WHITE MATERIAL: Obscene Whiteness as an Occidental Residue in Nicholas Winding Refn’s Only God Forgive

by on Jun.26, 2014

In his post yesterday, Johannes made an interesting observation in passing on the Thai setting of Nicholas Winding Refn’s widely reviled Only God Forgives:

Like Sylvia Plath’s “Fever 103″ it takes place in the orient, where imperialism discovered modern beauty in the 18th and 19th centuries. In Xanadu, Coleridge built an opium den…

One of the film’s obscenities is the obscenely patent Orientalism of Refn’s mise-en-scene. The film unfolds in a claustrophobic Bangkok-as-‘Chinatown’ , on sets reminiscent of The Lady From Shanghai, Death of a Chinese Bookie, and Polanski’s iconic so-named film in which Chinatown stands in for Hollywood’s Heart of Darkness, complete with reddish-green lights, drug haze, voyeuristic, curtained chambers, catwalks and corridors, sightlines which don’t match up, and theatrical spaces like operas, burlesque stages, go-go cages, boxing rings and nightclubs. The obscene is that which should remain hidden but is not; in Refn’s film, the latent racism of Orientalist tropes so common in Western film is right out there into the open, neither ironized nor dressed up as Keanu-ish spiritualism for the benefit of the Western individual’s soul.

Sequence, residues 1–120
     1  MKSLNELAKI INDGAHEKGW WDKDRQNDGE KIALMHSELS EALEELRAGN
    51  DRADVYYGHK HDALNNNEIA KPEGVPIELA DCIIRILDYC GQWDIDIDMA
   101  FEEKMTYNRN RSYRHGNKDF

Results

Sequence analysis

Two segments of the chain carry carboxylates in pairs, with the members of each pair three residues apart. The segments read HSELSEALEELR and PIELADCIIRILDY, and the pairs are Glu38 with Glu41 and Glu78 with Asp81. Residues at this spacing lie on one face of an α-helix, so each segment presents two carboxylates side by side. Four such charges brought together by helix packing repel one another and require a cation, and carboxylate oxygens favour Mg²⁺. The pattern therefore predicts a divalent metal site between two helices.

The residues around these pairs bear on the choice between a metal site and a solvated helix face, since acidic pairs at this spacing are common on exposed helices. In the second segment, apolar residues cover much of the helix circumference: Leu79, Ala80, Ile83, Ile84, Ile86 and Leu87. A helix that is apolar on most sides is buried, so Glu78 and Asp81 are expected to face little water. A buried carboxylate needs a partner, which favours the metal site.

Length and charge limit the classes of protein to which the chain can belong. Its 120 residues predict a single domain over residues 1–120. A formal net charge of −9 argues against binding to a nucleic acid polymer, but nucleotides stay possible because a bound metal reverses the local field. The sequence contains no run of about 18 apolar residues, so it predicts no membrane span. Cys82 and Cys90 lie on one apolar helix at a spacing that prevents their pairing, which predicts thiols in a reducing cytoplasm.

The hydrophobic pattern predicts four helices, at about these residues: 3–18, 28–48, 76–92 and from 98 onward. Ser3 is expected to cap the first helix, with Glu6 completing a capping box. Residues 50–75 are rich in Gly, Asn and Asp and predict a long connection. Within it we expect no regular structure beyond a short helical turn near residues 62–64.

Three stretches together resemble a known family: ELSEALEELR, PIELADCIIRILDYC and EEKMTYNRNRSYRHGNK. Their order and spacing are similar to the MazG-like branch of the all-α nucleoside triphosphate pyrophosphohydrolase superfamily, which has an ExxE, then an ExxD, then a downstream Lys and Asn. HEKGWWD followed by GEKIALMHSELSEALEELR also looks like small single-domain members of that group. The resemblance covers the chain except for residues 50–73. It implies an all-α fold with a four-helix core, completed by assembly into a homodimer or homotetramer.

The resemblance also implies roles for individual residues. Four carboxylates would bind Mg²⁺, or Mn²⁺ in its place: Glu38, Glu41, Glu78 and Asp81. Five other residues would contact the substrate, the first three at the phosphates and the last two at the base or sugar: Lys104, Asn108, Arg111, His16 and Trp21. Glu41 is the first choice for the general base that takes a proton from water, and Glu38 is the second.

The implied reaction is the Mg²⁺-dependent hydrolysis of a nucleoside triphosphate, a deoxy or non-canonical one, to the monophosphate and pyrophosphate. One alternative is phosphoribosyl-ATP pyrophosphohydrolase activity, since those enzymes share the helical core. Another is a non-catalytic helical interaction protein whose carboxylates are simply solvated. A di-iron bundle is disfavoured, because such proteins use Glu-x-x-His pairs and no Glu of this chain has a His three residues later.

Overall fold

curtain

An effect of this Orientalist palette is to make the white figures seem particularly artificial. More than ‘American’, they read to me as white; the phrase ‘white material’ comes to mind, after the semi-autobiographical Claire Denis film about French colonists in North Africa. The mother character, played by Kristen Scott Thomas, is not only a sexed-up outre Mommy MacBeth, part-Real Housewife, part -Freudian bingo card, but she is in whiteface with blonde extensions, golden dusting powder that simulates clublight or the mandate of Heaven, an impractical manicure, and elaborately painted on eyemakeup that obscures any kind of ‘natural’ eye.

kst 1

Why is it significant that Refn’s protagonists are in whiteface? [In Refn’s previous, not-reviled Drive, blondissima Ryan Gosling wears a white and gold jacket to drive this point home.] Refn’s mise-en-scene re-renders whiteness not as an originary, natural term from which all other terms are derived and against which they fail to measure up, as in Imperialist logic, but as an artificial mask made from dusting powder, hair extentions, eyeshadow, hairdye, Western suits, acrylic nails, foiled tips. These toxic, inhuman substances truly are the ‘white materials’. In the context of Western imperialism and colonialism, structural violence comes from the West, from the Heart of Whiteness. Evil, which only God can forgive, is a white material which can be piled up or smeared on in various configurations and manifestations.

kst2